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Dale Jackson

Personal Finance Columnist, Payback Time


Options are limited for young investors or those just starting to save for retirement –but the latest industry offering could provide an inexpensive way to diversify a small portfolio and get professional advice.

For most investors, mutual funds are the way to fill that dual role but fees can chew up a big chunk of those savings, not to mention future returns. Mutual fund investors will get a better idea of just how much those fees are when advisors are required to reveal them in dollars as well as percentages over the next year.

What’s the big deal?

Mutual fund fees aren’t getting lower. They are just being expressed to investors in a different way. The investment industry has been dragging its heels on the requirement to disclose fees in dollars because it knows a fee expressed as a percent is much easier for a customer to digest than a dollar amount.  

Here’s what I mean: a typical annual fee paid to the advisor who sells a mutual fund, also known as a trailer fee, is one per cent. One per cent doesn’t seem like a lot but when you break it down to a fee on a $100,000 portfolio, that’s a charge of $1,000 every year – whether the funds make money or not. That’s $1,000 out of your savings today and $1,000 each year that won’t be allowed to grow.

Surveys show most mutual fund investors don’t even know about the one per cent trailer fee because it is hidden in another fee called the management expense ratio. The typical 2.5 per cent annual MER is not required to be disclosed in dollars under the new rules, but it amounts to $2,500 on a portfolio of mutual funds totaling $100,000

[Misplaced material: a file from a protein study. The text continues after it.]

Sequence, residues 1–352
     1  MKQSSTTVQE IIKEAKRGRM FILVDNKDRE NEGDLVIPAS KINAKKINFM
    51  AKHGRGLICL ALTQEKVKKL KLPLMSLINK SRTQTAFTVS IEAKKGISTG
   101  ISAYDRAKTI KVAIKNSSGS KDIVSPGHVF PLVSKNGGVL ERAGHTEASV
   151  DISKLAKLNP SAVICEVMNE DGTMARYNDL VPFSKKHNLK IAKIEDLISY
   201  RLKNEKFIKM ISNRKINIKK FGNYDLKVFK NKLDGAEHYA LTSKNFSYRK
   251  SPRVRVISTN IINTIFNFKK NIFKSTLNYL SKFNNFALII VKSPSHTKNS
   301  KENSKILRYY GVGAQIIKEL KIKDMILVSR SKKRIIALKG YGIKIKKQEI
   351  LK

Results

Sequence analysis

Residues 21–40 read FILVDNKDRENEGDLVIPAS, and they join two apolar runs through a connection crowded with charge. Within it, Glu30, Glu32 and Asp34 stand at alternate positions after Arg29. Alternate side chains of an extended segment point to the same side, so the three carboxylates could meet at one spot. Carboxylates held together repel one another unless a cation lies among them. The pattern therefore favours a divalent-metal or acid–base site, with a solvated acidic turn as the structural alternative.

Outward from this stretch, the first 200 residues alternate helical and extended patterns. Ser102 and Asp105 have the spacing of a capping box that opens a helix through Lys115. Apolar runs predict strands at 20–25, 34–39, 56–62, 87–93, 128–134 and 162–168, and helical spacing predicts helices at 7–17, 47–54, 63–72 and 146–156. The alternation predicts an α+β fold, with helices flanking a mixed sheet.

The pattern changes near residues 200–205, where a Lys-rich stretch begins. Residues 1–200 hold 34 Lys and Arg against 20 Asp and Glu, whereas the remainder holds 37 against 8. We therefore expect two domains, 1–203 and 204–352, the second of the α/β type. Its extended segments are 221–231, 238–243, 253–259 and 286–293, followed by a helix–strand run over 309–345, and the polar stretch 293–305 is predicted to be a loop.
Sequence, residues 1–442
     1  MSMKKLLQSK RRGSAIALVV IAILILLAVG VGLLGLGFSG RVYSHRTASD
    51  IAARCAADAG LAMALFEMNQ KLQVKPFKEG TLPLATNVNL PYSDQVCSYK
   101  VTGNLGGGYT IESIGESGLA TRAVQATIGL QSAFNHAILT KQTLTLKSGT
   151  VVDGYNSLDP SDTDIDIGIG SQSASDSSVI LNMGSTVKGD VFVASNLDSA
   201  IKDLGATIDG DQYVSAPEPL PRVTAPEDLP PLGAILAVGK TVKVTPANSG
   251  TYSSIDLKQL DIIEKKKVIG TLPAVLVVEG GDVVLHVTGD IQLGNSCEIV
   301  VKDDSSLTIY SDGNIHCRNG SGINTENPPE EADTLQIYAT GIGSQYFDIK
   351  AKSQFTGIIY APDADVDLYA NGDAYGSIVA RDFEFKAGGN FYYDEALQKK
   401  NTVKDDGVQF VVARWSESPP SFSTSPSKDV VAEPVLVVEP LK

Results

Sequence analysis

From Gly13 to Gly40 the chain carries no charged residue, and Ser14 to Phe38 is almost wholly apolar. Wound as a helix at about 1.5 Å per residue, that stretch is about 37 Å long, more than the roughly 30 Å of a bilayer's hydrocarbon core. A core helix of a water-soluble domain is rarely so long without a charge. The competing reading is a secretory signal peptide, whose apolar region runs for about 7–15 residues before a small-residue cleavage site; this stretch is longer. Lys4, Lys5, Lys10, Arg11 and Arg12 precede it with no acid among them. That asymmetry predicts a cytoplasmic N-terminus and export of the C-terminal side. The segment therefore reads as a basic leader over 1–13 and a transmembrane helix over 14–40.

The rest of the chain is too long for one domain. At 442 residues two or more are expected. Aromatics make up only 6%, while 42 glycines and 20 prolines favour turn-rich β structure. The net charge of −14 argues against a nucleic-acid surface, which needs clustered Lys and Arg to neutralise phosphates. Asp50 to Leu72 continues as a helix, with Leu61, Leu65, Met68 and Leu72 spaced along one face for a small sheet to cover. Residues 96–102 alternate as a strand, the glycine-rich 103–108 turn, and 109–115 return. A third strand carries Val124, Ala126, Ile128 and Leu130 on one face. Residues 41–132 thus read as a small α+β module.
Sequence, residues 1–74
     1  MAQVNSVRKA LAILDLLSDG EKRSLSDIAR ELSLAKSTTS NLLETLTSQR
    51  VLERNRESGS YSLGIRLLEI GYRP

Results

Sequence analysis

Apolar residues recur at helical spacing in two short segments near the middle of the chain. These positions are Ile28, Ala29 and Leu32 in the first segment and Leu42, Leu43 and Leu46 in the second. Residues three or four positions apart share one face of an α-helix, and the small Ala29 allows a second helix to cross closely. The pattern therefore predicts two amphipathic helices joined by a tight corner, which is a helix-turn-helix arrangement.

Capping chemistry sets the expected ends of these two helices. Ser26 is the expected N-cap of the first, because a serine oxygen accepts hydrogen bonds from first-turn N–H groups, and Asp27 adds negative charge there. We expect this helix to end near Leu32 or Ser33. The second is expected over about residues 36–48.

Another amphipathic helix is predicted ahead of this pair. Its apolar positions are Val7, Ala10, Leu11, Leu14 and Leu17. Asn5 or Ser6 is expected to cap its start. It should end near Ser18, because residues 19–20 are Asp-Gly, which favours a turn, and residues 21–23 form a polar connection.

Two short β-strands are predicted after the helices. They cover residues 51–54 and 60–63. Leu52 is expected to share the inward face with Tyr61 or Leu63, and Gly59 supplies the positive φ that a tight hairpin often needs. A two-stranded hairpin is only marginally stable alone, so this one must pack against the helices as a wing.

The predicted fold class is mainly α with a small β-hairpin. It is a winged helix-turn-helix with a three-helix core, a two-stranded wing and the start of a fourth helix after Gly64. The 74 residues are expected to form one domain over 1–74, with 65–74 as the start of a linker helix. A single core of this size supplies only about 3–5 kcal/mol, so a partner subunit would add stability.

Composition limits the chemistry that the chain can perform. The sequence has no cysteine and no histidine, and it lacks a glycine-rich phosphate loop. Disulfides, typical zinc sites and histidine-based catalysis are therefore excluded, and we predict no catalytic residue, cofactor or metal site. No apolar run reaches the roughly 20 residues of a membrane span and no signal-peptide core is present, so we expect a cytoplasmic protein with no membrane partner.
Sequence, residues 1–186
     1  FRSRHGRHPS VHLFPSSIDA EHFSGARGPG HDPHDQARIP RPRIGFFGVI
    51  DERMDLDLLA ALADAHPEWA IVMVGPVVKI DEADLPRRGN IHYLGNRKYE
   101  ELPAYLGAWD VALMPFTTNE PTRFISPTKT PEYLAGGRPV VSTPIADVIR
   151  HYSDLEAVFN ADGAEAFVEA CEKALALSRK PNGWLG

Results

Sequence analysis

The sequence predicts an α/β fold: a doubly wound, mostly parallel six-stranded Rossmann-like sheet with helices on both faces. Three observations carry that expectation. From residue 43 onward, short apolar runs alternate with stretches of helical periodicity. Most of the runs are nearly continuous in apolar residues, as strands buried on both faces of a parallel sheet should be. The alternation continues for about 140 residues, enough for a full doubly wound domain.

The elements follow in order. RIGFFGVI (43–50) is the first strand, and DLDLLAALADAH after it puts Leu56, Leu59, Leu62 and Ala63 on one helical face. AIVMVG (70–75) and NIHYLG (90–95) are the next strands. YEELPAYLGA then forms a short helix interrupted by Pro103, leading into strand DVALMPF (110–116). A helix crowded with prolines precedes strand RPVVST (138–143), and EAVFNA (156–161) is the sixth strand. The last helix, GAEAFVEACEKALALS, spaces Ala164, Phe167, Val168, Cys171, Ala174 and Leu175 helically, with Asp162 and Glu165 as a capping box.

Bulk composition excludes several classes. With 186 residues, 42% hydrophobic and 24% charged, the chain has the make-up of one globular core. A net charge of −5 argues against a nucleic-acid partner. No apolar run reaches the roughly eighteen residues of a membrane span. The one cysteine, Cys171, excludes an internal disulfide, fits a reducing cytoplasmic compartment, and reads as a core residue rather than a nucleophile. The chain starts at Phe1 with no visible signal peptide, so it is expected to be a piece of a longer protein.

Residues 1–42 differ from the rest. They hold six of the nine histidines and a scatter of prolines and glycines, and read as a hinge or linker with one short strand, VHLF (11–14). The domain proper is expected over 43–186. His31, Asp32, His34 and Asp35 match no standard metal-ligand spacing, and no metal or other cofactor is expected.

What’s the alternative?

There are not many alternatives to mutual funds for small investors who want diversification and professional management. Most of the big-shot portfolio managers you see on BNN charge a smaller, flat fee of one per cent or one-and-a-half per cent. One per cent on smaller portfolios isn’t really worth portfolio managers’ time unless they take on several clients, which leaves less attention for individuals. Several won’t even consider taking on a client with less than $500,000 to invest.

Small investors have the option to go it alone and invest directly in the market but it’s hard to diversify with small amounts of money. Having all your eggs in a few baskets increases risk and picking the right baskets is incredibly difficult.

Many investors get diversification through exchange-traded funds, or ETFs, which buy entire indices like the S&P 500. However, there is no professional manager to tell you which indices to buy or when to buy and sell.

How robo-advisors can help

So-called robo-advisors have been popping up on the Internet. There are just over ten major services and big banks like BMO are joining in. Services vary and are evolving, but here are the basics:

  • Investors fill out a questionnaire that gathers information about their investment goals, when they want to retire and their tolerance for risk.
  • The computer system analyses the information and recommends a model portfolio of exchange-traded funds. ETFs are the initial investments offered, but more products may be available as the service develops.
  • Customer support is provided through live chat, email and telephone.
  • But it’s the fees that give robo-advisors the greatest appeal. They vary from service to service and often decrease as your savings grow, but are usually less than half of a per cent of assets invested each year. Some offer a flat monthly price.

On the downside, robo-advisors don’t give you the personal connection of flesh-and-blood advisors who come to know their clients over the years. It might be wise to consider a robo-advisor a temporary measure until you can build your savings, and then get yourself one of those big-shot portfolio managers on BNN.